Sunday 4th March 10am All Age Service

 


St Andrew's Chronicle for September 2017

Growing in Christian faith, love and action we responsibly and joyfully care for God’s earth and all people.

DEREK’S DRIFT

Which question is it correct to ask, “How many books were written by John?” or, “How many books are attributed to have been written by John?”1

They are not the same question although for some people they may be seen as the same. At a recent service I described a little about myself and my rôle in the Parish and I used the term, “Interim Minister,” where

I should have said, “Interim Moderator.” This was a terminological

inexactitude – my use of terms was not correct – as I am not serving the Parish as your minister but as your moderator.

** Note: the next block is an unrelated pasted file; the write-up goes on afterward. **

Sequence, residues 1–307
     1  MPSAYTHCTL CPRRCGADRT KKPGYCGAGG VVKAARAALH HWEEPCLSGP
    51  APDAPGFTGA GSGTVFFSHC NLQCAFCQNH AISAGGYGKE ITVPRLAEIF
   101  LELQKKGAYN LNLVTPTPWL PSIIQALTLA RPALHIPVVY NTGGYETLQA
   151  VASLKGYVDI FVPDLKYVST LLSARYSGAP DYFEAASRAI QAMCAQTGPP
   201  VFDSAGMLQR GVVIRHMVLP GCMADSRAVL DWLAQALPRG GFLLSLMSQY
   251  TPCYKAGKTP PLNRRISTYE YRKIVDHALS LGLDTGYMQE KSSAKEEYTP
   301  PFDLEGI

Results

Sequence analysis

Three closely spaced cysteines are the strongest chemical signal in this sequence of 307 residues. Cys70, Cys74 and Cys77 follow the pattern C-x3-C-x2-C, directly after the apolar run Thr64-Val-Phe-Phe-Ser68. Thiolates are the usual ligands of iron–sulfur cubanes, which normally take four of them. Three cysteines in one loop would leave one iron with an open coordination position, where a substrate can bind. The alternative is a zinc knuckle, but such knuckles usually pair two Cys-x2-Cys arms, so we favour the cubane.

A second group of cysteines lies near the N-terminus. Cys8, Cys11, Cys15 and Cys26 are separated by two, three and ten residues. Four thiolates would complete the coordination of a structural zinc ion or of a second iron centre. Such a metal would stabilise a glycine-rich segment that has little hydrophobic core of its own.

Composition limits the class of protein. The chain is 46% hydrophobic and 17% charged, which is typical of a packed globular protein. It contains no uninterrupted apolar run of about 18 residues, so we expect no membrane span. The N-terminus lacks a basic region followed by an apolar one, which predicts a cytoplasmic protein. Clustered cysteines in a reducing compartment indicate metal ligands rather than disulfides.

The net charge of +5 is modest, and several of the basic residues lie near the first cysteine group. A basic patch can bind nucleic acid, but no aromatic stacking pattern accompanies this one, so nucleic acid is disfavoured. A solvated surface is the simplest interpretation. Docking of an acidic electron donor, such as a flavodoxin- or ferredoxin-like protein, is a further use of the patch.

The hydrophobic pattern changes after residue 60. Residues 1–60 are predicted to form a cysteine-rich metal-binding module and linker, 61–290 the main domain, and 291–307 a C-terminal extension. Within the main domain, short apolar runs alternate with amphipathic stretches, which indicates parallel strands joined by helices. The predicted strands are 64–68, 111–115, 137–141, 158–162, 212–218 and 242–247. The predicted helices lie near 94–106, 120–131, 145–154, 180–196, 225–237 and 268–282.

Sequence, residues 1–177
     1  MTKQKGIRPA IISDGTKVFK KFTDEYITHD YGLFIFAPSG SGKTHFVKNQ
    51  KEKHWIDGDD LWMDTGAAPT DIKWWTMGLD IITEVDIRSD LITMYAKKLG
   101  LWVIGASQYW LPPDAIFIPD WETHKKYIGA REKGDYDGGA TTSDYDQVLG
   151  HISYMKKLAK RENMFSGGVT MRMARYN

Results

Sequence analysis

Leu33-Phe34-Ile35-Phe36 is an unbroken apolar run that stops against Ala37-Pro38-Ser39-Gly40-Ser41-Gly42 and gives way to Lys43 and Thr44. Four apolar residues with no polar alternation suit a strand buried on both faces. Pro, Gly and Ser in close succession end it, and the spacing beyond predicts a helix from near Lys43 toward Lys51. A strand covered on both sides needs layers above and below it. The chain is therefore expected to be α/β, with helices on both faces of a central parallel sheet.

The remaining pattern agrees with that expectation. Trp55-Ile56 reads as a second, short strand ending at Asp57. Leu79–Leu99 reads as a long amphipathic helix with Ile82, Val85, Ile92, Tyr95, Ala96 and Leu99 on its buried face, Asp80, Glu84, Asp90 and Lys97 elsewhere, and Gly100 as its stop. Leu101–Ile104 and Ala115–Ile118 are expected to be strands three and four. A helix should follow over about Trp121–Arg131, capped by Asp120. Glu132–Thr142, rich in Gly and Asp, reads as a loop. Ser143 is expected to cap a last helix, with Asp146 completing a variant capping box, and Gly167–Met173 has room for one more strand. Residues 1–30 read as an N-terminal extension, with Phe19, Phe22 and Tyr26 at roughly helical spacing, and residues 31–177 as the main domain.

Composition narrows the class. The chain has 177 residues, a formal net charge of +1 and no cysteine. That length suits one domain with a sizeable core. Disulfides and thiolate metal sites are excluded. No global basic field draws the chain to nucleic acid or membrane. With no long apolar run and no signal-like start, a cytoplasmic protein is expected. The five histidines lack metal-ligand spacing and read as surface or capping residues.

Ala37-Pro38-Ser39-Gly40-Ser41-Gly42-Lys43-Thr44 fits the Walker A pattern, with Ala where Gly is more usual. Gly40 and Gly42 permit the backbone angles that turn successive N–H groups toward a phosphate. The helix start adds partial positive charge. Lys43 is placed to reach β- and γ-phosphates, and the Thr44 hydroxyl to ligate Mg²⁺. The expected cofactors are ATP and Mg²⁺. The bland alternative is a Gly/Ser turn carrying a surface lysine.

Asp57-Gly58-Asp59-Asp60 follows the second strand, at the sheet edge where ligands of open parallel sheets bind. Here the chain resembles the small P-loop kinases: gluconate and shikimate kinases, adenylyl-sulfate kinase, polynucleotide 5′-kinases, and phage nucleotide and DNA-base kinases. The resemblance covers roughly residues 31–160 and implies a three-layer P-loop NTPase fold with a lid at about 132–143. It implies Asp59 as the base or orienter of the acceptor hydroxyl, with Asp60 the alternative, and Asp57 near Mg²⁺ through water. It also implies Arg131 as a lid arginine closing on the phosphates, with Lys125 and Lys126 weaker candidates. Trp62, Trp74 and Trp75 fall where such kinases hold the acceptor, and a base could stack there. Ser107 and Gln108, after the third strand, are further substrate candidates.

I apologise for my having confused the terms. In some other

denominations (not only Anglican) there is no such thing as a moderator. They use the term interim minister to describe a person who is only

serving during a period where there is a vacancy for a Parish Minister, the person is a minister for the interim period. A minister is not the rôle which I am fulfilling. As your Interim Moderator I have three key duties;

1. to ensure that the Word is still preached (not necessarily by doing it myself) weekly,

2. to ensure that the elders continue to lead through Parish Council, and

3. to bring the Parish to discern God’s Mission for them and the form of ministry best suited to achieve that work.

I am local and have training, skills and background which can be used for the work of the Parish, consequently I have been involved more closely in the life of the Parish than would usually be expected of an Interim

Moderator. Whether I am called Moderator or Minister doesn’t change that.